It’s difficult to picture the challenges of delivering freight in densely populated megacities without firsthand experience of navigating these population centers. MIT researchers are providing the next best thing: analyses of megacity goods flows based on real-world observations of delivery vehicle movements.
In one project sponsored by the Itaú Fund for Research on Sustainability in Latin America, students from the Massachusetts Institute of Technology and the University of São Paulo (USP) tracked goods vehicles in the Brazilian city of São Paulo.
The 20 million or so inhabitants of São Paulo are packed into an area of almost 8,000 km² that covers 39 municipalities. The city’s central municipality alone qualifies as a megacity with some 11 million citizens (megacities have a population of at least 10 million people).
More than 4.5 million buses, cars, and trucks cause monumental traffic jams in the city, and congestion issues are getting worse. In the last five years, some 1.3 million new vehicles were registered in the municipality of São Paulo, a 21% increase in the size of the fleet.
Delivery vehicles serve the needs of about 200,000 commercial establishments in the São Paulo municipality. Traffic congestion causes delays and generates huge volumes of carbon. A 2010 local government report estimates that 12% of the 257,000 tons of air pollutants emitted by motor vehicles in the city come from delivery vehicles.
Since 1982, São Paulo’s local government has been implementing and modifying various public policies to control the movement of freight traffic in targeted areas within the city.
One approach has been to encourage the use of small goods vehicles that can easily navigate São Paulo’s crowded streets, which has resulted in the proliferation of so-called urban freight vehicles (VUCs). Regulations specify where and at what times these small trucks can operate within city limits.
A larger vehicle, called a TOCO, is also used to deliver freight in the city. They have twice the capacity of the VUC model, and also face heavy operational restrictions.
Researchers from MIT and USP collected data on the movement of these vehicles in two ways. In “city exploration” exercises, small groups of researchers observed specific aspects of delivery operations such as street configurations and the number of destinations in specific urban areas. Secondly, “route shadowing” activities focused on companies’ last mile operations by following trucks and observing key features such as arrival/departure times, and the number of deliveries completed.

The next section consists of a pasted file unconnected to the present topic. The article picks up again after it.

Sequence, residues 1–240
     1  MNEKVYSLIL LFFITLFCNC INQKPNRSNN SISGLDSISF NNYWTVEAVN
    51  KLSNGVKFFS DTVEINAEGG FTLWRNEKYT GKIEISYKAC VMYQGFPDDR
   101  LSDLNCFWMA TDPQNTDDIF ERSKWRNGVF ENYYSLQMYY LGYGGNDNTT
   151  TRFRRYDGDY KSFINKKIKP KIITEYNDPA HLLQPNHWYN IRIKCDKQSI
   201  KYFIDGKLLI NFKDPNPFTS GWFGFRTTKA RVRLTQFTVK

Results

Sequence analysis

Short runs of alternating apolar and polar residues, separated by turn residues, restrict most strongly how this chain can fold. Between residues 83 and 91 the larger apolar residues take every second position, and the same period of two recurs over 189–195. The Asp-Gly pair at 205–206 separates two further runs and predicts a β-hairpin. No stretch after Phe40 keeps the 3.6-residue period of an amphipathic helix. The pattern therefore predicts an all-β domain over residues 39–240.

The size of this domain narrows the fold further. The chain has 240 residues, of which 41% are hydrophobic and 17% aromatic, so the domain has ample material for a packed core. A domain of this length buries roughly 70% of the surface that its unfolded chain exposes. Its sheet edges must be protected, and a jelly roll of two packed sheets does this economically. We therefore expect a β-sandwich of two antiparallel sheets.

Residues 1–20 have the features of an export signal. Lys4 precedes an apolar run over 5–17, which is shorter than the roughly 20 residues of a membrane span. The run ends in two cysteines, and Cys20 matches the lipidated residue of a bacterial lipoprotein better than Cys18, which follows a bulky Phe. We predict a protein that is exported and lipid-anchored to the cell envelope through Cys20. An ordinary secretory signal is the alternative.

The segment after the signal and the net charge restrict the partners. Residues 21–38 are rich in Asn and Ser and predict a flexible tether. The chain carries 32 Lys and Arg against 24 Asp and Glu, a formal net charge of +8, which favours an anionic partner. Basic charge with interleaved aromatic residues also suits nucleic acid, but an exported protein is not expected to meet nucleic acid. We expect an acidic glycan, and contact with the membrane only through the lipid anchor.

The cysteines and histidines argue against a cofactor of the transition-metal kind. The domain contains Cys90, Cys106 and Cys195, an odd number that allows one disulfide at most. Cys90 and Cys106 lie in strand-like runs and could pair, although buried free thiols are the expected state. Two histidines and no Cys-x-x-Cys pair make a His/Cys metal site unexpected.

Based on their observations, the researchers recommended ways to improve freight traffic flows, particularly in relation to the way goods vehicles are regulated in São Paulo.
One suggestion is to implement a delivery time window policy in conjunction with more parking spaces in congested areas. Another recommendation is to use a tailored approach to policy making, that takes neighborhood characteristics into account to minimize the unintended environmental consequences of regulatory codes.
Another project collected similar data this summer in Mexico City, Rio de Janeiro, Beijing, Santiago, São Paulo, Kuala Lumpur, and Madrid. Researchers at the MIT Megacity Logistics Lab teamed up with local students to gather the data.
The teams documented the types of vehicles that carry goods including trucks, carts, and even bicycles, and recorded details of parking patterns and congestion problems. This data was uploaded remotely and posted on virtual maps in real time. The results can be seen on an open-access, free website called Last Mile. There are plans to keep adding to the data.
As the database grows, it will help megacity planners to find better solutions to the management of freight traffic, believes Dr. Edgar Blanco, Director of the MIT Megacity Logistics Lab. Currently, a lack of information and expertise on the unique challenges of megacity logistics is a major issue as these population centers continue to expand.
For more information on the project see this recent article in MIT News.